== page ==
Tell me a little bit about how you got into powerlifting?
I had always grown up doing sports. I did tae kwon do and martial arts in elementary school, ran in middle school, and swam in high school. When I got to college, I always found myself interested in the weights. I just never knew how to use them. I decided to teach myself how to lift and eventually found out about the sport of powerlifting. I found a black iron gym in Brooklyn that specialized in powerlifting. There, I learned the big three powerlifting movements: the squat, bench, and deadlift. Ever since then, I've been training the three movements and competitively powerlifting.
Did you ever feel that being a woman was a hindrance in your sport? Do you see a lack of representation of women an issue in powerlifting?
I think that women are well-represented in the sport of powerlifting. Men and women use the same powerlifting bar for competition, have the same rules, and have similar weight classes. However, I do find that there is a lack of women of color, and more specifically, black women in the powerlifting world. When I first started powerlifting, it was hard for me to find someone who looked like me or came from a similar background as me that I could look up to.
What advice would you give women who wish to enter powerlifting and this industry in general?
My biggest advice to any woman who wants to start powerlifting is to be ready to work hard. The sport itself is grueling with all of the training sessions, but it all adds up when you see yourself lifting heavier each session and getting stronger. Competitions are a super fun aspect of powerlifting. There's a lot of positive energy and enthusiasm when people compete. The community is great and everyone cheers for each other at meets. I have met so many great women through powerlifting, many of whom are my teammates, training partners, and friends. I even met my best friend, Xinhui Yong, President of the NYU Girls Who Lift Club, through powerlifting. In short, my biggest advice for a female powerlifter is to find other female powerlifters to train with and befriend.
What do you love about powerlifting?
I love the confidence that powerlifting has given me. You enter a whole new world once you realize you can lift 200+ off the ground on your own. I used to walk into the gym incredibly nervous because I would often be the only girl in the weight room. Once I realized that I could lift just as much or even more than the boys could, I gained a lot of confidence and was able to go in to the weight room and train without caring about what anyone thought. This confidence extended into other parts of my life. I found it easier to speak up for myself and advocate for myself when necessary.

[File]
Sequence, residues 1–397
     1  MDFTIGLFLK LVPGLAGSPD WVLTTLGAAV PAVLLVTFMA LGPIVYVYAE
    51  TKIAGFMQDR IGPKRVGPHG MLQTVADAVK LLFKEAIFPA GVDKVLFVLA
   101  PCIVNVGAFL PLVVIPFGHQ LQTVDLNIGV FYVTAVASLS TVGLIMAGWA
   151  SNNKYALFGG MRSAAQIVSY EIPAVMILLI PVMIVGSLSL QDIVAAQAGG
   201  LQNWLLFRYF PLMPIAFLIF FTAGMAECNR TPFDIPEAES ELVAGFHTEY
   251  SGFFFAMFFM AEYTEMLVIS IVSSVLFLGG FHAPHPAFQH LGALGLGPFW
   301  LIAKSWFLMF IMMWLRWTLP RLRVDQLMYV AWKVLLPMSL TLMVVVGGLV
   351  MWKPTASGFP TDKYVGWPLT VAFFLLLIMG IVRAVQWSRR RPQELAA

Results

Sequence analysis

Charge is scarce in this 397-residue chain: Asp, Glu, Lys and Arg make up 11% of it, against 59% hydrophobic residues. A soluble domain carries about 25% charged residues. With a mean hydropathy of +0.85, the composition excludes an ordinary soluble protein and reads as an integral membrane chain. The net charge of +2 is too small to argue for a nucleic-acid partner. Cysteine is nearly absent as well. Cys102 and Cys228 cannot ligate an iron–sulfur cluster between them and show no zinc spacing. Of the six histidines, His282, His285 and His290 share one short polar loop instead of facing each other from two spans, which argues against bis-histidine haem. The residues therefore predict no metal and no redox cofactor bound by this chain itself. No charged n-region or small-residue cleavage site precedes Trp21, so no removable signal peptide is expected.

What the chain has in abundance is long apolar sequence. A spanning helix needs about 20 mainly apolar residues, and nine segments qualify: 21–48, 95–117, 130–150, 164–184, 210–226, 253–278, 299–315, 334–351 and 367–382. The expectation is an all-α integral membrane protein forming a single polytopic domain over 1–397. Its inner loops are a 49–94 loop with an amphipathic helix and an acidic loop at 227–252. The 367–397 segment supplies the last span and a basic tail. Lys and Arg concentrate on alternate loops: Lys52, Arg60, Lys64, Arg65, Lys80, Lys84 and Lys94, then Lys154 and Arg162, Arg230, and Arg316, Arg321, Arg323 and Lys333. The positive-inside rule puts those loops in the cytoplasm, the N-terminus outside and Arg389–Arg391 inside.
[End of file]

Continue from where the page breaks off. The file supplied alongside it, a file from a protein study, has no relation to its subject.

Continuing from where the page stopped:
Do you have a mentor in the industry? If so, what is their gender? Do you think female mentorship would help increase female visibility within powerlifting?
I don't have a mentor in the industry, but I do look up a lot to Monet Bland. She's a super strong female lifter who holds a bunch of records in the 84kg weight class. She amazes me with how she is able to balance working as a researcher and physiologist with powerlifting.
When I was younger, I would have never thought about being a powerlifter because I didn't know the sport existed and I didn't see very many women in strength sports. However, had I seen a woman powerlifting on television or at the gym, I like to think that I would have been interested in the sport. While I don't currently have a mentor in the industry, I am part of a group of women powerlifters who discuss about life, training, and meet up with each other every now and then. This group has allowed me to become a better powerlifter and a better Salma, because I am able to check in with women who are going through similar training regimens and struggles. Together, we are able to advise one another and come up with solutions to our problems. Female mentorship is important, which is why I've included it in the program I am working on, StrongHER Girls. We pair girls up with mentors in different professional industries so that way they can maintain mutually beneficial relationships with each other, continuously learning and growing.
Tell me about Strong Her.
StrongHER Girls is a program dedicated to uplifting underserved communities of girls of color. We do this through a series of workshops to build strength from the inside-out. This way, the girls we work with have mental as well as physical fortitude. If you know anyone that would benefit from this program or would like to get involved, email us at Stronghergirls@gmail.com!